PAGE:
An overview of the differences between cybersecurity and cyber resilience, and a look at why the latter is of key importance to companies.

In the past five years, the concept of cyber resilience has risen to prominence among security experts and business leaders. More comprehensive than cybersecurity, which still remains an integral part of the bigger picture, cyber resilience represents a way for companies to fully tackle security concerns.

Here, we cover the key differences between cybersecurity and cyber resilience, why the latter is of critical importance, and ways for businesses to build a robust resilience strategy.

The difference between cyber resilience and cybersecurity

Cybersecurity refers to measures taken by an organization or an individual to protect their data, devices, and/or systems from all kinds of cyber-attacks and potential threats.

Cyber resilience, on the other hand, encompasses a full suite of cybersecurity measures alongside other important strategies such as cyber-attack management plans and roadmaps for regaining client trust, to name just a few.

In line with this, most people broadly define cyber resilience as an organization’s ability to cope with a cyberattack, including that organization’s overall preparedness, response, and recovery.

As a concept, cyber resilience differs from cybersecurity measures as the latter is more centered on proactively preventing attacks in the first place. This is certainly not a bad thing, but alone, cybersecurity cannot help organizations deal with the fallout after an attack.

Why cyber resilience is important

A solid cyber resilience strategy mitigates the often devastating effects of a successful cyber attack. Leaked data or compromised systems, for example, can lead to regulatory fines, a loss of clientele, and damage to a business’ reputation.

Financial losses after a cyber attack may be enough to put a small to medium-sized company out of action for good. According to CNBC, reporting on a Hiscox report, the average cost of a cyber attack is US$200,000, a heavy financial burden that most smaller companies cannot carry without folding.

Cyber resilience strategies mean companies have a robust plan for handling the immediate aftermath of the attack and getting back on track sooner.

Cyber attacks companies face

Enterprises may be hit by any number of cyber-attack types, but some types are more prevalent than others. Here are three of the most pressing concerns:

  • Malware — One of the biggest threats to small and medium-sized companies, malware is malicious software and it’s expressly designed to inflict damage on systems and networks or to gain access to a company’s network and the devices it’s linked to. Malware breaches most commonly occur due to human error, for example, by clicking on a nefarious link in an email.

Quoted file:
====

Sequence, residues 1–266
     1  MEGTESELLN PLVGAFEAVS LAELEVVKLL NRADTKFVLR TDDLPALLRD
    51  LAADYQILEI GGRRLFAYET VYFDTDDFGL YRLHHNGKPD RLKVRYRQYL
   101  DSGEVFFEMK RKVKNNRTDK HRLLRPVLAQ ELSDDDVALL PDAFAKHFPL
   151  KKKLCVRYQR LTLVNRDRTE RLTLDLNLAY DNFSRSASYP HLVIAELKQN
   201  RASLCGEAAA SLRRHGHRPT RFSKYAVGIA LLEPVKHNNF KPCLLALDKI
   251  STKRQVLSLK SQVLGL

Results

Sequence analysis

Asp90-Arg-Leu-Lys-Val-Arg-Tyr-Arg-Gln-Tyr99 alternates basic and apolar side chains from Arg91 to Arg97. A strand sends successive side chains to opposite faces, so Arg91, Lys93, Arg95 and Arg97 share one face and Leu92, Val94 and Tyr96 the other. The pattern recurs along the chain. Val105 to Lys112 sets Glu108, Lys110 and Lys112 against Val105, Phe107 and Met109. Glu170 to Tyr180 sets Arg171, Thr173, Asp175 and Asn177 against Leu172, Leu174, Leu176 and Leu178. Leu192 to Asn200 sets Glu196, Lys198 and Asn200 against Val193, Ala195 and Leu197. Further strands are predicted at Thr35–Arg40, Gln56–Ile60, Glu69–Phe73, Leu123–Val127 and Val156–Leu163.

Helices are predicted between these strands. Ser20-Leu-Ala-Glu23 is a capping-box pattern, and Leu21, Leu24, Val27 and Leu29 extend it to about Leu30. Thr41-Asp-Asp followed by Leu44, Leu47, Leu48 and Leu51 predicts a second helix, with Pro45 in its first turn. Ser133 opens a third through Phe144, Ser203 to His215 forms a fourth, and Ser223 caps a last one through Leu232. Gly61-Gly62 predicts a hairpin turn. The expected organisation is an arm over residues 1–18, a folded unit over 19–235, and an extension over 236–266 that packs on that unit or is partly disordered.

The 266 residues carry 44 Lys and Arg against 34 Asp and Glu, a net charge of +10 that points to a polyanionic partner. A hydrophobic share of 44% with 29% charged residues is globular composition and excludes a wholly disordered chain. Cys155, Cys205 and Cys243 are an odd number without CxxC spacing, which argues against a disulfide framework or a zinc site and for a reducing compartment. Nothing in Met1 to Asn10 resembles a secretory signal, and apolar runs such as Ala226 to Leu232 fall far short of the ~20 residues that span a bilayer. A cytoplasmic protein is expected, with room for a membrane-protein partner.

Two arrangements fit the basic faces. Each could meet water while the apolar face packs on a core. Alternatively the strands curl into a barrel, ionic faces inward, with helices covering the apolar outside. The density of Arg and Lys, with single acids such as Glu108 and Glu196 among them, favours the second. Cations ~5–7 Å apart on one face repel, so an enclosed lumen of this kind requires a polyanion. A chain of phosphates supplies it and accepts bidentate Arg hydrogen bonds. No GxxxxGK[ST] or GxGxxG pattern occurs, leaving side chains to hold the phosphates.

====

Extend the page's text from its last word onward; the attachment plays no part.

• Phishing — A form of social engineering attack, phishing is a common way cybercriminals trick someone into clicking a link or opening a fraudulent website. Successful phishing attacks can allow threat actors access to private data, passwords, and financial records.
  • Distributed denial of service attacks (DDoS) — These attacks can crash websites and even entire networks through the use of vast webs of infected devices.

Cybersecurity tools and strategies

It Is Essential For Companies And Individuals To Secure All Their Devices With Encryption Tools And Other Security Software, Industry Today
It is essential for companies and individuals to secure all their devices with encryption tools and other security software. Image Source:

To help prevent these types of attacks, cybersecurity measures are key. Companies should adopt the following measures as part of their broader cyber resilience strategy:

  • Encryption — Client and company data that are stored on hard drives should be encrypted. In addition to this, a VPN app should be used to encrypt data transmissions and hide a company’s internet activity from any would-be attackers.
  • Use security software — Companies need a full suite of high-quality security software. In addition to VPNs, antimalware, antivirus, firewall, and email scanning programs should be in use.
  • Training programs — Any enterprise with a solid cybersecurity policy in place values the importance of staff training. Humans remain a weak link in cybersecurity so taking steps to inform and educate employees regularly is of critical importance.

How to build a solid cyber resilience strategy

  • Invest in cybersecurity — cybersecurity is a key part of a company’s overall resilience plan. Ensure basic security measures are adopted and adhered to.
  • Plan for the worst — have an idea of how to immediately mitigate an attack if it occurs.
  • Understand local breach reporting regulations — find out which organizations need to be informed and the expected timeframes.
  • Keep an eye on the basics — things such as a solid password policy and keeping software up to date can have a huge effect on a company’s vulnerability level.
  • Have roadmaps in place — put together a solid plan that details how the company will overcome the financial impact of an attack and regain client trust.
Matthew Stern Techfools, Industry Today
Matthew Stern

Matthew Stern is a technology content strategist at TechFools, a tech blog aiming to inform readers about the potential dangers of technology and introduce them to the best ways to protect themselves online. As a tech enthusiast and an advocate for digital freedom, Matthew is dedicated to introducing his readers at Assignyourwriter UK to the latest technology trends and teaching them how to gain control over their digital lives.

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